Whey protein is among the most popular protein powders, and for good reason: It's digestible and contains all nine EAAs for a complete amino acid profile16.

Whey protein is a byproduct of cheese production and is extracted when milk separates into curds and whey. The liquid whey is then processed further to remove water, lactose, and minerals, leaving behind a concentrated protein powder loaded with amino acids essential for muscle growth and recovery.

As for the taste, whey protein has come a long way from its chalky reputation. Nowadays, there's no shortage of delicious products with various flavors to incorporate into your routine for a protein boost

There are two main types of whey protein: concentrate (WPC) and isolate (WPI). Whey concentrate is less processed17 and tends to have a lower protein content but offers more nutritional value since it contains more lactose and fat. Conversely, whey isolate is more refined than concentrate and contains less lactose and fat18, creating a product denser in protein per serving.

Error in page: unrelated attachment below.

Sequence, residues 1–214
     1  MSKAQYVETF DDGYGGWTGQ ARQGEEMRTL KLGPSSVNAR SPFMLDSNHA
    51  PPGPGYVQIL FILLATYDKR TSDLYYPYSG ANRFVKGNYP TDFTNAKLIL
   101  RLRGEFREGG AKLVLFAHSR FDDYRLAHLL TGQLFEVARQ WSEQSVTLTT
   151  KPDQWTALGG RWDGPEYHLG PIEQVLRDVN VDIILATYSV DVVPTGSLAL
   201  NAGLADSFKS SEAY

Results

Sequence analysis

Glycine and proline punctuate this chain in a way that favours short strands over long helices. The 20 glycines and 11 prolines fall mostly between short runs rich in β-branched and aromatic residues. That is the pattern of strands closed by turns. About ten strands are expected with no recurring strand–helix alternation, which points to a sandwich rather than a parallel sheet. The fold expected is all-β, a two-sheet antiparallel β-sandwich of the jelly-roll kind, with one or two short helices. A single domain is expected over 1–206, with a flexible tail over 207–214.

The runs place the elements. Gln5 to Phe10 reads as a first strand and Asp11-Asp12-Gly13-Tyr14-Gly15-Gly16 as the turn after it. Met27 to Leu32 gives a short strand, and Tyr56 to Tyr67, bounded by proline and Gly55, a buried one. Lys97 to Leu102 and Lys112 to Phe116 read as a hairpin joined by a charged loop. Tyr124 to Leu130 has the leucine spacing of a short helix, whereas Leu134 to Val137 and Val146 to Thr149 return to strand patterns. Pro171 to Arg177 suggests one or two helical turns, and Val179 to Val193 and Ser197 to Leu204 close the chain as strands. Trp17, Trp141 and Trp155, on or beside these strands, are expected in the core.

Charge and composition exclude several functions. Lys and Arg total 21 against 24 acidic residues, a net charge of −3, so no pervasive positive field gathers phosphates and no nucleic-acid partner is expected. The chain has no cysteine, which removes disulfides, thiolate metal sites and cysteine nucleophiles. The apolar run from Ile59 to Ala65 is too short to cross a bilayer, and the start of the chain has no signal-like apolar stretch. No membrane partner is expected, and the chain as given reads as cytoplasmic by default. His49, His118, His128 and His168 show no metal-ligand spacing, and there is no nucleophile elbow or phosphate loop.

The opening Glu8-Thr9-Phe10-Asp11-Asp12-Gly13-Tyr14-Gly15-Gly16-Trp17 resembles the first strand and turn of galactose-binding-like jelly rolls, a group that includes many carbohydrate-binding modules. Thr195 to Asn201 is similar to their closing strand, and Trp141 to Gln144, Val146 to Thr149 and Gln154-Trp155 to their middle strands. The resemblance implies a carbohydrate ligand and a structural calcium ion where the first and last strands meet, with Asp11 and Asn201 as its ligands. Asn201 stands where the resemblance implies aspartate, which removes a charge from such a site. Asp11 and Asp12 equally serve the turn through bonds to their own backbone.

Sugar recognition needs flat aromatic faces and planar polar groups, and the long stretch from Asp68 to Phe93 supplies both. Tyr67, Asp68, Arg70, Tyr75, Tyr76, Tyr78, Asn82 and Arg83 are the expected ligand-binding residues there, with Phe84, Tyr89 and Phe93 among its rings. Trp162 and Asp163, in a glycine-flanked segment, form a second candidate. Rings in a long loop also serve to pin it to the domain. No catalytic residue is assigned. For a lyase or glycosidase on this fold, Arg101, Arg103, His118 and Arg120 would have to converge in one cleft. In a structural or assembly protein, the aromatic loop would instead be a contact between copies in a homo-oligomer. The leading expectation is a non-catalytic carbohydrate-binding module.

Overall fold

Whey protein boasts an impressive amino acid profile, including high levels of the BCAAs leucine, isoleucine, and valine. It also contains many other easy-to-digest essential and nonessential amino acids, contributing to its muscle-building prowess. 

"Whey is a complete protein, meaning it contains all nine essential amino acids necessary for muscle protein synthesis. In addition, it's the best protein in terms of digestibility, with a PDCAAS score of 1.0. For these reasons, whey is the best protein for building muscle," says Werner.


An easily digestible byproduct of the cheese industry, whey protein is a complete protein with high levels of all BCAAs. It's the best protein for building muscle, though it's not suitable for vegans or those who are lactose intolerant.

Pros of whey protein:


It's a complete protein.

A major benefit of whey protein is that it's a complete protein as it contains plenty of all nine essential amino acids necessary for optimal muscle growth and repair.


It's easy to digest.

Due to its high BCAA content, whey is highly soluble in the stomach's acidic environment19, allowing it to digest faster than other proteins.


It supports muscle building and healthy body composition.

Whey is rich in BCAAs, making it a popular choice among athletes and bodybuilders for promoting MPS and boosting recovery. Researchers have found that whey protein significantly benefits body composition20, especially when combined with resistance training and a balanced diet.

Cons of whey protein:


It's not suitable for vegans or those with lactose sensitivities.

Since whey protein is derived from milk, it's unsuitable for vegans and those with lactose intolerance or dairy allergies. Some people may experience digestive discomfort or mild allergic reactions21 to whey protein. Choose alternative protein sources if you have known sensitivities or allergies to milk.